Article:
Chester A. Arthur

Special Message

December 10, 1884

To the Senate of the United States:

I transmit herewith, for consideration by the Senate with a view to advising and consenting to its ratification, a convention for commercial reciprocity between the United States and Spain, providing for an intimate and favored exchange of products with the islands of Cuba and Puerto Rico, which convention was signed at Madrid on the 18th ultimo. The negotiations for this convention have been in progress since April last, in pursuance of the understanding reached by the two Governments on the 2d of January, 1884, for the improvement of commercial relations between the United States and the Spanish Antilies, by the eighth article of which both Governments engaged "to begin at once negotiations for a complete treaty of commerce and navigation between the United States of America and the said Provinces of Cuba and Puerto Rico." Although this clause was by common consent omitted from the substitutionary agreement of February 13, 1884 (now in force until replaced by this convention being carried into effect), the obligation to enter upon such a negotiation was deemed to continue. With the best desire manifest on both sides to reach a common accord, the negotiation has been necessarily protracted, owing to the complexity of the details to be incorporated in order that the convention might respond to the national policy of intercourse with the neighboring communities of the American system, which is outlined in my late annual message to the Congress in the following words:

The conditions of these treaties should be the free admission of such merchandise as this country does not produce, in return for the admission free, or under a favored scheme of duties, of our own products, the benefits of such exchange to apply only to goods carried under the flag of the parties to the contract; the removal on both sides from the vessels so privileged of all tonnage dues and national imposts, so that those vessels may ply unhindered between our ports and those of the other contracting parties, though without infringing on the reserved home coasting trade; the removal or reduction of burdens on the exported products of those countries coming within the benefits of the treaties, and the avoidance of the technical restrictions and penalties by which our intercourse with those countries is at present hampered.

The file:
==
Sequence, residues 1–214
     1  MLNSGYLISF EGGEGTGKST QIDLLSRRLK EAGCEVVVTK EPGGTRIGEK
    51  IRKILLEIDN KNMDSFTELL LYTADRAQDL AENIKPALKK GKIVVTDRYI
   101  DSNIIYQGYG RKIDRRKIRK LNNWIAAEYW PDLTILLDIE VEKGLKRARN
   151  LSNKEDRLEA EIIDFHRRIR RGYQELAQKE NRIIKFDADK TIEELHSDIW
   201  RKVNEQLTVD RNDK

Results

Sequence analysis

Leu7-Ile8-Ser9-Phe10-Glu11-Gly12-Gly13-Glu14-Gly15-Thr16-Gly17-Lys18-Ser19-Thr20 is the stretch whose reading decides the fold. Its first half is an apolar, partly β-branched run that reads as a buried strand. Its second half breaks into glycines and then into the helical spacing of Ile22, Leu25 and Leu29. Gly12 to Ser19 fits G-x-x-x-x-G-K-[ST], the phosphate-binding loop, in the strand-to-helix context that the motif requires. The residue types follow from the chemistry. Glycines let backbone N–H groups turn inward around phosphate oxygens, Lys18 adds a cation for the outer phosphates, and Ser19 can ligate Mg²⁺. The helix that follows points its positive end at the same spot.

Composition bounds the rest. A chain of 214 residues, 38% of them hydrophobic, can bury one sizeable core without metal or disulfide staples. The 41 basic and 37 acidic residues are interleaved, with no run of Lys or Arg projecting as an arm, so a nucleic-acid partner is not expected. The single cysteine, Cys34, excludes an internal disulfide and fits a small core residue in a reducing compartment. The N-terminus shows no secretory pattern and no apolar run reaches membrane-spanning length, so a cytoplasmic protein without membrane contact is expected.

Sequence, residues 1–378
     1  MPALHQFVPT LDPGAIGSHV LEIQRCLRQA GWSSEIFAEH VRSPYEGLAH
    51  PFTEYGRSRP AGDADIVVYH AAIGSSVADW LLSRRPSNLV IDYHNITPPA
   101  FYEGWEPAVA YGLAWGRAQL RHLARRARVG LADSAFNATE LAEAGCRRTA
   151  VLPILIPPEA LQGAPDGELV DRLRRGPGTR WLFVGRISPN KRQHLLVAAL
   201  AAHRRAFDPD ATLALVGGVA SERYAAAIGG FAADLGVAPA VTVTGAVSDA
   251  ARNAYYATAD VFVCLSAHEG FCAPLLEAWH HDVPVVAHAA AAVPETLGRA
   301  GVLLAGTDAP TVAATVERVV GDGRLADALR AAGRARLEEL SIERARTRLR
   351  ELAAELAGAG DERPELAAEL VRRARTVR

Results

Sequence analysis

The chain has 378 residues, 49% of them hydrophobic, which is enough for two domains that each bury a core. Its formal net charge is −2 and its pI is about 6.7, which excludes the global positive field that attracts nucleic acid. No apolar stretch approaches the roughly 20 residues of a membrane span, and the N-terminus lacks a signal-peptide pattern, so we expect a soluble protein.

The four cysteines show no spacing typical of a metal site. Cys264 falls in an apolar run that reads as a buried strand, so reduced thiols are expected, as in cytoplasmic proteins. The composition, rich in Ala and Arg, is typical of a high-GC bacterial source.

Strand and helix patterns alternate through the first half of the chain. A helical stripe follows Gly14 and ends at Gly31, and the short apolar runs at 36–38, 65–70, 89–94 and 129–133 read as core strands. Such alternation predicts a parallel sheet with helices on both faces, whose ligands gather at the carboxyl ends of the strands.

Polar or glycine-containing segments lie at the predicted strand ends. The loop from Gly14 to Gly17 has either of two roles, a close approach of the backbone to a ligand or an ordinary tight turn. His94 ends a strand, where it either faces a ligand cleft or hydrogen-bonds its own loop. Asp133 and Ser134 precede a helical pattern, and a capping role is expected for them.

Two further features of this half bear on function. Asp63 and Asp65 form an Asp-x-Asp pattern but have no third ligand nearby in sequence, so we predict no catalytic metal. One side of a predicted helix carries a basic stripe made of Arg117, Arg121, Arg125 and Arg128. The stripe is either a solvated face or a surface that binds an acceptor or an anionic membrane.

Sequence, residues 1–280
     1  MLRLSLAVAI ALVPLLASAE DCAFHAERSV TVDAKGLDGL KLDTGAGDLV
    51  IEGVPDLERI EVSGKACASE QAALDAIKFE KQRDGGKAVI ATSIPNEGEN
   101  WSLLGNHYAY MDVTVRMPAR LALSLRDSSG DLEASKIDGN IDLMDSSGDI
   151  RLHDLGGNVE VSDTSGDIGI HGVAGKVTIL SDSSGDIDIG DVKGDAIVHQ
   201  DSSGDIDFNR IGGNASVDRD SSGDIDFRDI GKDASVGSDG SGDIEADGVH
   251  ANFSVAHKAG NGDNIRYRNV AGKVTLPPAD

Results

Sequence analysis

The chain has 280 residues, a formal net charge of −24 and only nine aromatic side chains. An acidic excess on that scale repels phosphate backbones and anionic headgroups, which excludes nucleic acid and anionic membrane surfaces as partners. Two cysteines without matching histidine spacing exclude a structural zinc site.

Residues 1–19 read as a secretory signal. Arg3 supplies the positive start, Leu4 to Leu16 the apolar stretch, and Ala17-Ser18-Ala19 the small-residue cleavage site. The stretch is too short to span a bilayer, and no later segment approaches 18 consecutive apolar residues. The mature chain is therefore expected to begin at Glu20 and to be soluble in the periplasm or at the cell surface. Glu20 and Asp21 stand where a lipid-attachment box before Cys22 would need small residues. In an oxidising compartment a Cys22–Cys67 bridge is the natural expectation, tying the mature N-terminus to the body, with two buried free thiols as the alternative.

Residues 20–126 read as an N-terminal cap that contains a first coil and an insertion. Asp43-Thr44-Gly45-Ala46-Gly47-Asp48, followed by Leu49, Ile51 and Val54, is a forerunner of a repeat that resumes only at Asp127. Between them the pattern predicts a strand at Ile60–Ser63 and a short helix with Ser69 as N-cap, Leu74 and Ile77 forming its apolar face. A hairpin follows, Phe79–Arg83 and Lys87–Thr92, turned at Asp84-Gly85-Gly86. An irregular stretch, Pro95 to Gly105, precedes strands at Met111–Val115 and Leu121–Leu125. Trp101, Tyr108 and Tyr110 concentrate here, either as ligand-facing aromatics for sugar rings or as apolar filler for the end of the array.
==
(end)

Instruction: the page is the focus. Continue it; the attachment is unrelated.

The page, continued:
A perusal of the convention now submitted will suffice to show how fully it carries out the policy of intercourse thus announced. I commend it to you in the confident expectation that it will receive your sanction.

It does not seem necessary to my present purpose to enter into detailed consideration of the many immediate and prospective advantages which will flow from this convention to our productions and our shipping interests.


Chester A. Arthur, Special Message Online by Gerhard Peters and John T. Woolley, The American Presidency Project

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